Thursday, August 14, 2014
Strategy # 2 Holy Landscape: Literal Connections
Build Your Story: 8 Strategies for Writing Innovative Setting with Impact
Landscape includes interior and external sites, emotional connections, literal space, and geographic background. It includes the climate, weather, topography, and amount of daylight. Each of these areas has the capacity to silently boost the sacred connection between reader and character by allowing the reader to identify with the literally tangible, yet subtle details.
For example, in the movie The Count of Monte Christo, Edmund Dantes spends many years in prison. According to the above list, his landscape is cold, damp, rocky and dark. His literal landscape also becomes a mirror image to his emotional life. Even when a landscape is confined to one room or is a silent backdrop, we can use its natural attributes to influence our scenes.
So how does this translate to practical application? We begin a piece at a time and build the world from emotional resonance. We not only draw out our physical locations, but doodle out the emotional impact they have on our characters. We brainstorm each setting’s location, even if only as a brief two-minute list. If you see something that triggers an emotional reaction, but you’re not sure how to use it, then put it in the resource pile for later.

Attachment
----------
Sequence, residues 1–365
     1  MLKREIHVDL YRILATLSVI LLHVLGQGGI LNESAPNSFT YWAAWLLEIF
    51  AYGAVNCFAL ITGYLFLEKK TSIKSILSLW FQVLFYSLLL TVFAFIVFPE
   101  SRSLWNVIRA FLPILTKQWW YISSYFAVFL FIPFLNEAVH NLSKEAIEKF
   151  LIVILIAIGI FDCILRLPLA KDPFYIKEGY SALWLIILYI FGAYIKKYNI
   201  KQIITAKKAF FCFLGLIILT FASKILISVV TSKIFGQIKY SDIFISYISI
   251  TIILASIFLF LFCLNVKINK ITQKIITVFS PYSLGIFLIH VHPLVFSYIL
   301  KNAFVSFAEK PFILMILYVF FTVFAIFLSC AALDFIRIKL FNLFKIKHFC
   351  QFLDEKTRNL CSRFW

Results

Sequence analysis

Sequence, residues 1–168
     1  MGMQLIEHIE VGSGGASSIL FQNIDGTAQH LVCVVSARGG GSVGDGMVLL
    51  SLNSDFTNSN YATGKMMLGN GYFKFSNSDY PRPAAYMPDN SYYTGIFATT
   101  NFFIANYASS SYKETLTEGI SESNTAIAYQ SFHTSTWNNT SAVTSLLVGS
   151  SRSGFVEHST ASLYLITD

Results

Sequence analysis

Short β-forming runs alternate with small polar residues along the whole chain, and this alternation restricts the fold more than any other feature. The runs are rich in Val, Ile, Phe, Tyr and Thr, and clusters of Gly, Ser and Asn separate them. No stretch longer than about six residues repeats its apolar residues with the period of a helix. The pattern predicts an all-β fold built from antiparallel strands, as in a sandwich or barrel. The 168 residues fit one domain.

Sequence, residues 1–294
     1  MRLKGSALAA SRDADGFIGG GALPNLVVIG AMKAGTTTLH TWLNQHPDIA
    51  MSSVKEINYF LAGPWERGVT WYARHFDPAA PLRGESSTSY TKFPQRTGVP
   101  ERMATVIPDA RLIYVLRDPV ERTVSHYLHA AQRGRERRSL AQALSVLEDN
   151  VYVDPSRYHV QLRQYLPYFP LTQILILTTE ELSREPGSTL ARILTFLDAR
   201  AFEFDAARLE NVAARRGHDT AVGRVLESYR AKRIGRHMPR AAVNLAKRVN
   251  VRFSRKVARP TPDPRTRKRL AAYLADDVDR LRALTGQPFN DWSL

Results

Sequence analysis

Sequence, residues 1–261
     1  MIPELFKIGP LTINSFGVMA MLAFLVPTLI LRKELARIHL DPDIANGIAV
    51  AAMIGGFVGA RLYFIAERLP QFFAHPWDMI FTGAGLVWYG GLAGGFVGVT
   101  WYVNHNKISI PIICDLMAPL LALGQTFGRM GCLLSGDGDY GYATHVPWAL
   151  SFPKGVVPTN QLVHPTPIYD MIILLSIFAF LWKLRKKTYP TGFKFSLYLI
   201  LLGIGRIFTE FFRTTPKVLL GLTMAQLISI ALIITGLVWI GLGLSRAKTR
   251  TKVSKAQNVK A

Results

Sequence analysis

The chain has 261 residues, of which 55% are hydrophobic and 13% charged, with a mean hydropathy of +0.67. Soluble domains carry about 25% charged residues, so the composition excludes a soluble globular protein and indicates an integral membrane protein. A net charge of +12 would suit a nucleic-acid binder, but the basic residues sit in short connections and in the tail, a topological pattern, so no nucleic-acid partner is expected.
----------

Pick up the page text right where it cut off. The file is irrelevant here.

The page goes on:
When you read for research, pick out the parts that intrigue, comfort, challenge, or frighten you. And temporarily leave the rest behind. Keep a list going as to where you found that information, so if you need to return for more details, you’ll find it easily. It’s a banquet laid out before us and we can’t possibly eat it all. So we pick out the best parts first, in case we get full. Or try to cram more information into the story than it needs. The parts that stir our hearts, the parts that we react to emotionally, become our map routes, our mirror reflections, and our atmosphere internally.
Externally we discover our connections through landscape, as Elizabeth George explains it. To her landscape is “the broad vista into which the writer actually places the individual settings of the novel, sort of like the canvas or other medium onto which a painter has decided to daub color……when we discuss landscape we’re also talking about….the emotions that are evoked by the setting.”
She continues, “…landscape is the total place experience in a novel.”
The Chateau d’lf used in The Count of Monte Christo movie is a real place, built in the early 1500s as a military fortress and later turned into a prison.
Share: What literal climate, weather, topography or daylight can become an emotional mirror for your character’s internal struggle?
Read deep, marcy